An internationally recognized leader in cancer research, Dr. Lindahl has contributed pioneering work that has advanced the understanding of the molecular mechanisms associated with DNA damage and repair in various organisms. He is celebrated for his discovery of the process of base excision repair and for isolating and characterizing several key components of the DNA repair machinery.
Dr. Lindahl’s investigations into DNA instability led him to discover and define the function of DNA glycosylases including uracil-DNA glycosylase (UDG). He demonstrated that these enzymes are essential for catalyzing the removal of damaged or mispaired DNA bases and that defects in these enzymes occur in various cancers. Specific to UDG, he discovered that this enzyme is responsible for the removal of uracil that may be incorrectly incorporated into DNA, either through misincorporation or deamination of cytosine during DNA replication. In addition to DNA glycosylases, Dr. Lindahl was the first to isolate and describe mammalian DNA ligases and DNA repair methyltransferases, including the unusual factor that removes mutagenic 6-methylguanine by transfer of the methyl group to a protein cysteine residue.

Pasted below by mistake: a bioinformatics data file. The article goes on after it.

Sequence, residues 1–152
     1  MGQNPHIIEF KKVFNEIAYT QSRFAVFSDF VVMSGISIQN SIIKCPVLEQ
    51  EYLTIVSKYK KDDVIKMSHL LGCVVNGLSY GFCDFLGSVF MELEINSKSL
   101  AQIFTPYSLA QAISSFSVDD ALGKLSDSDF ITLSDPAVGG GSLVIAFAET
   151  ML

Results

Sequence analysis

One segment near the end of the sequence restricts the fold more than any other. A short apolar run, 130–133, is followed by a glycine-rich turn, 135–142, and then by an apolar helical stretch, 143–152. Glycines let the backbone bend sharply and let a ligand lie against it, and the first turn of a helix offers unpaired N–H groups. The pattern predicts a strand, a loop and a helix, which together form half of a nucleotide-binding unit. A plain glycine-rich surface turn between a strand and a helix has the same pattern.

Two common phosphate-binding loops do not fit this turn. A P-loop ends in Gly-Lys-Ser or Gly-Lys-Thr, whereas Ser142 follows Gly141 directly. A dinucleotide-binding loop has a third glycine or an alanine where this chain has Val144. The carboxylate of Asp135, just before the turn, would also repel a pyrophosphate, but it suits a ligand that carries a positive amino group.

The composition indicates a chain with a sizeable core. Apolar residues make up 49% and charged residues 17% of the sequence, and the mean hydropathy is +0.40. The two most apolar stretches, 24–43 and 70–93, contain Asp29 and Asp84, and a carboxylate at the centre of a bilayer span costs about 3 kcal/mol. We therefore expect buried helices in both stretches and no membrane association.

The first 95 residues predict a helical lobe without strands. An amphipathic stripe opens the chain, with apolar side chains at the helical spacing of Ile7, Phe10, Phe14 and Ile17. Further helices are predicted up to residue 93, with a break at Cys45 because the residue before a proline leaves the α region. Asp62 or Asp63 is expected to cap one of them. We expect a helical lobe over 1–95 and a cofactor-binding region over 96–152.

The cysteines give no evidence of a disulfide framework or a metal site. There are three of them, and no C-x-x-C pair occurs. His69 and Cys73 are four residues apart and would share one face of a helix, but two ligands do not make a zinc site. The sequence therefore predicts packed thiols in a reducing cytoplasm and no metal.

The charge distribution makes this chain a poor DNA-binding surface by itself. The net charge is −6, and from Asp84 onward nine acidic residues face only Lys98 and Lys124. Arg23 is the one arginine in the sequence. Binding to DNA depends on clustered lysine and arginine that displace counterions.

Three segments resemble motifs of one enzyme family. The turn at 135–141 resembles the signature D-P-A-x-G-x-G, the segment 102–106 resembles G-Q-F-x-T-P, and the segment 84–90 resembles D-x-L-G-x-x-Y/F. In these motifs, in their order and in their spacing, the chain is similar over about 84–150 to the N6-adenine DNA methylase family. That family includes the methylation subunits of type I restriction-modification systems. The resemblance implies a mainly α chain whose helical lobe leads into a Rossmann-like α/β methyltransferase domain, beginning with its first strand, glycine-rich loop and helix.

Dr. Lindahl’s collective work has had an immeasurable impact on the field of cancer research by providing novel insights into the inherent molecular weaknesses that exist within tumor cells. These findings guide the development of selective chemotherapeutic agents that function by modulating DNA repair pathways.
2015 Nobel Prize in Chemistry
2010 Copley Medal, The Royal Society, London, United Kingdom
2010 Elected Fellow, European Academy of Cancer Sciences
2009 UK Genome Stability Network Medal
2008 Prix Étranger, French National Institute of Health and Medical Research
2007 Royal Medal, The Royal Society, London, United Kingdom
1999 Foreign Member, Royal Norwegian Society of Sciences and Letters, Trondheim, Norway
1998 Founding Fellow, Academy of Medical Sciences, United Kingdom
1998 Foreign Member, Norwegian Academy of Science and Letters, Oslo, Norway
1989 Elected Member, Royal Swedish Academy of Sciences
1989 Elected Member, Academia Europaea
1988 Elected Fellow, The Royal Society, London, United Kingdom
1977 Svedberg Prize, Royal Swedish Academy of Sciences
1976 Elected Member, European Molecular Biology Organization